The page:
This existing 1920Ős home is located in a quaint Connecticut beach front neighborhood with views of Long Island Sound. The original home was built from surplus lumber from World War I. The adjacent community is surrounded by houses of like character that were originally built by families for use as summer cottages. The walls were all open stud with exposed materials. An existing large wrap around porch on the first floor & a second story sleeping porch provide summer shading, cross ventilation from near ocean breezes, and opportunity for family and community social interactions.
A major remodel/ addition and winterization of the residence provided a wonderful life transition for a couple entering retirement.
The building required a new foundation below the existing house and structural supports replacing existing locally harvested white cedar support posts. Insulated concrete forms (ICF) were used to create a new house foundation and new below grade basement/ workshop. A new detached two car garage was added to the rear of the house connected to the main house by a covered breezeway. The voluminous addition to the rear of the house contains; two additional bathrooms, a large two story living area, and a crafted open stair. The stair was sized to accommodate the potential future need for a mobility assistance device; elevator or chair lift.
The wrap around porch at the first floor and the second floor sleeping porches were carefully reconstructed or left untouched. Their openness contributes to the social character of the neighborhood, especially in the summer months. The volumes within the house frame views to Long Island Sound and suggest occupant movement through the space. Large operable skylights in the tall space at the new addition promote natural summer ventilation and decrease the need for air conditioning in the humid summer months.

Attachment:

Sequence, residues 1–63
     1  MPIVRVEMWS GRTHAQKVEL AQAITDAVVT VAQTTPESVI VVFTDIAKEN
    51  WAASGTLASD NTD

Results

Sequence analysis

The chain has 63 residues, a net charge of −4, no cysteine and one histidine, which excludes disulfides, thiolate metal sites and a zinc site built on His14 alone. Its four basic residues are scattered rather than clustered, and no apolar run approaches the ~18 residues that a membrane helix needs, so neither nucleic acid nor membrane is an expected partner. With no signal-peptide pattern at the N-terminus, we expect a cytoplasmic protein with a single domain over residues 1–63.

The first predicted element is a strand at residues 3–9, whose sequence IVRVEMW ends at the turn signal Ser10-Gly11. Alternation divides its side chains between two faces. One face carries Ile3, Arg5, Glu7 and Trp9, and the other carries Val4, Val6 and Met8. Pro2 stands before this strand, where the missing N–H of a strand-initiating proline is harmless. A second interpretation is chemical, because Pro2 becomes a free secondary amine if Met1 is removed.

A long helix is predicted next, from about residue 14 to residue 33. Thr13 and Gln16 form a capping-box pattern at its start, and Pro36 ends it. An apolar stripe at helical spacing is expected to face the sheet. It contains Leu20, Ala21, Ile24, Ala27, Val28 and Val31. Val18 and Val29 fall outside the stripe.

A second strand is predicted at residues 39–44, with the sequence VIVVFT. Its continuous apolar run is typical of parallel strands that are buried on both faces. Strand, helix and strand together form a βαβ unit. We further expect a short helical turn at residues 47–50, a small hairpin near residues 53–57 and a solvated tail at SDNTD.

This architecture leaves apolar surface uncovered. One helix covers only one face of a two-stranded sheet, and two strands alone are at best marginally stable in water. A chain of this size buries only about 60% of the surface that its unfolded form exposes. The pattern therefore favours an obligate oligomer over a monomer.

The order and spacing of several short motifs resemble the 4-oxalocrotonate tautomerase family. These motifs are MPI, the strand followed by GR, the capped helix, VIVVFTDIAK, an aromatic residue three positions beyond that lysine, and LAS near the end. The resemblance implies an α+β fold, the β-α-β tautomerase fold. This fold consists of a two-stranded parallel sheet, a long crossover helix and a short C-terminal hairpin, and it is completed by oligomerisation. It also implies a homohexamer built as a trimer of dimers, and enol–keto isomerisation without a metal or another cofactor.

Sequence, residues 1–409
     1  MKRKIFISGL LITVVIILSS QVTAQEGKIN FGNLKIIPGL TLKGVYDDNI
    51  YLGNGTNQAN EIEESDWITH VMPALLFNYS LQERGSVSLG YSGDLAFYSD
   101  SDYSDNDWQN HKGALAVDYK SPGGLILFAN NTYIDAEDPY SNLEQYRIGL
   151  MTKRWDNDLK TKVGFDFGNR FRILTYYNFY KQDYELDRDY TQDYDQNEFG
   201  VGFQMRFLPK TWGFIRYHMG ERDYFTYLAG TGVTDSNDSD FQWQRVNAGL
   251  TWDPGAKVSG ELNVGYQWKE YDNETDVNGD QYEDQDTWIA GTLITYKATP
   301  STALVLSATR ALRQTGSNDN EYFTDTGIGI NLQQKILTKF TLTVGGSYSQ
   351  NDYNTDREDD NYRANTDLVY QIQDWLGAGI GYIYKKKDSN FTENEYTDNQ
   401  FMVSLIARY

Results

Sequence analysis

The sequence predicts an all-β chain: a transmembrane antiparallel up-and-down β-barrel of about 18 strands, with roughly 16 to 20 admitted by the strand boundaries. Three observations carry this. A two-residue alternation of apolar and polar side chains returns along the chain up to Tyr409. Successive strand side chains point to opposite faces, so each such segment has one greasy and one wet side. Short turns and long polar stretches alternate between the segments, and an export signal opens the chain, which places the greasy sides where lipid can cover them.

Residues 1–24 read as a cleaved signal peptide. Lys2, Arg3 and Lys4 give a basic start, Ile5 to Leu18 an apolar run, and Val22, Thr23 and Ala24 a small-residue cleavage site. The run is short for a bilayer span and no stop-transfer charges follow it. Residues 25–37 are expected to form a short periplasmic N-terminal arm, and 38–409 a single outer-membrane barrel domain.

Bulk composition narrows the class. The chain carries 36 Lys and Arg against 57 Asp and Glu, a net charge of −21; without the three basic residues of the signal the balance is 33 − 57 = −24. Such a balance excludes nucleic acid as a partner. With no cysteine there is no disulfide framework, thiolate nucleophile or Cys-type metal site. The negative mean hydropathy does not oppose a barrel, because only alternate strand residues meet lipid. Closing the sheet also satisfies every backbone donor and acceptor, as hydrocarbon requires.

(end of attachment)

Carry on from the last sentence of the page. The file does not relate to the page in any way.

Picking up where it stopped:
The traditional New England cedar style evident in adjacent houses was maintained in the remodel, an important contextual component of the neighborhood fabric.
To create a project with minimal impact on the environment, much of the original house was reused. The newer double hung vinyl replacement windows at the rear of the old house were re-used in the new 2-storey addition. When paired with the upper picture windows, they create a warm intimate & voluminous space.
The original house was set on rough hewn white cedar posts felled from the site at the turn of the 20th century. The house was built largely from surplus and salvaged lumber from World War I. Many of the floor joists were reused. The first floor was built over dirt grade with low clearance.
Because the house was low lying to the existing grade, we were able to maintain that relationship and the consequent visceral connection to the summer life on the front wrap around porch by using an ICF product called Durisol. A new ICF Durisol foundation was set below the existing home and the grade was cleared enough for a crawlspace to run ductwork.